As for the settings comparisons below, these are not final. We normally conduct fairly intensive graphics optimizations guides that run 3-10 tests per setting, ensuring accuracy and confidence in data. For Overwatch, given that the beta is only open through the 23rd, we ran brief, two-of tests strictly for our internal use. These are conducted silently, before all of our benchmarks, and aid our staff in determining which settings to test and how to build the test matrix. We ultimately save time in this fashion, eliminating tests which may prove redundant or unrealistically load-intensive.

Because Overwatch is new and folks are likely trying to understand how to best play the game on their cards, we've decided to published our unofficial, unfinalized settings comparison. This is made public to hopefully help gamers figure out points of GPU pressure that are established by some settings.

We only tested settings which did not require a restart to check, so there's potentially a lot more under the hood – and there probably are bigger settings to tune – but that's the nature of a limited-run beta. Can't do it all.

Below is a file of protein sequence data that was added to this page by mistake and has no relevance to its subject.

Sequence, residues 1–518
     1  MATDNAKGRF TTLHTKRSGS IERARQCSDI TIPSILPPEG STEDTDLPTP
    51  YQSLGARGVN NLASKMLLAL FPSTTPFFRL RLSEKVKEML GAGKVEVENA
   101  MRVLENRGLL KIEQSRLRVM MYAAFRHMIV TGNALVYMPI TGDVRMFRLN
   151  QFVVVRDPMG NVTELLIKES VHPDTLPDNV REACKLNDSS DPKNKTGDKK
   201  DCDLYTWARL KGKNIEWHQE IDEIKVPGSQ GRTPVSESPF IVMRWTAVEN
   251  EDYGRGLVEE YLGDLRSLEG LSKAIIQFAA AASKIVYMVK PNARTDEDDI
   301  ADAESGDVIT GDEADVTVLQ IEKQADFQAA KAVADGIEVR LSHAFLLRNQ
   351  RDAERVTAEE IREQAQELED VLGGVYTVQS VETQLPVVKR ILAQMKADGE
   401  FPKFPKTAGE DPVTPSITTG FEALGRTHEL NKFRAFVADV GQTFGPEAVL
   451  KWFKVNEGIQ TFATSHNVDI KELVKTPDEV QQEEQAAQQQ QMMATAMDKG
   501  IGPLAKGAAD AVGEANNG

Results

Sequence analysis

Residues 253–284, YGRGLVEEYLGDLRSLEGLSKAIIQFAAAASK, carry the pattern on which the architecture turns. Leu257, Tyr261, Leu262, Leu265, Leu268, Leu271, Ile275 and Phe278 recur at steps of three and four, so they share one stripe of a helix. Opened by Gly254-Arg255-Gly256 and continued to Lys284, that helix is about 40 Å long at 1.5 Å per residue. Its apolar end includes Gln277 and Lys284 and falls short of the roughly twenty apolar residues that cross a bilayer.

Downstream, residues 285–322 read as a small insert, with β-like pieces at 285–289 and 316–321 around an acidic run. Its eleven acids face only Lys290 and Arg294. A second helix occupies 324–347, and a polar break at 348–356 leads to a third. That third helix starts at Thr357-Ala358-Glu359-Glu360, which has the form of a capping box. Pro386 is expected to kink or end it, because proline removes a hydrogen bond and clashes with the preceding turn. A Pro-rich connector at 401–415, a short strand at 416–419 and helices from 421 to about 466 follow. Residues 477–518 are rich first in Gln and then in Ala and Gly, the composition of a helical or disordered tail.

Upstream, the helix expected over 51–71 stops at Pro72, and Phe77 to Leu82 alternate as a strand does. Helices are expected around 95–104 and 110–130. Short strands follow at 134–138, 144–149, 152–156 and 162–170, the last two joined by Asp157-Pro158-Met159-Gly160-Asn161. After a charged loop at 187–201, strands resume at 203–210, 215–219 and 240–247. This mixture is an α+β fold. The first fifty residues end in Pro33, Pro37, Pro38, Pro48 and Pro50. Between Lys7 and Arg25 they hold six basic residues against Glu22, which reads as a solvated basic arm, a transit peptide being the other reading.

Initial Settings Comparisons

Render Scaling: This is effectively the same as changing resolution, so you'll see similar impact on performance. Supersampling helps embolden some textures and shadows, shown in the comparison below:


Performance impact is massive. “Epic” render scale (200%, so at 1080, that's 4K) is about 87% slower than “high” render scale (100%, so resolution = render scale). Unless otherwise identified, all our tests ran “high” (100%) render scale settings.

Ambient Occlusion: AO toggling saw an FPS impact of about 8.48%. That's enough to steal a couple of frames out of performance, but lowering AO does noticeably change the apparent depth of environment objects (like trees, branches, bricks in walls, and other extruded surfaces).

Refractions: Negligible impact. There was almost 0 FPS change in our very limited testing of this setting. We will look deeper into refractions once more maps are released and when we've got more than one weekend to test.

Local Reflections: As above – negligible impact with almost 0 FPS change in our limited testing of this setting.

Texture Filter Quality: Texture filtration sometimes has marginal impact on FPS, though normal application of anisotropic filtration techniques will typically yield nearly 0 FPS change. In the case of Overwatch, we're seeing an FPS impact of about 3.7% between its maximum setting and “off,” with the in-between settings filling the (already small) gap.

Dynamic Reflection: Fairly large impact to FPS. Dynamic reflections on Hanamura impacted our FPS by about 29.19% at max vs. high, with the high vs. medium delta shrinking to 13.2% and the medium vs. low delta at ~14.56%. We'll research this setting further in future tests to determine the reason for its massive performance impact. This is one of the first places to go to improve framerate performance after render scale.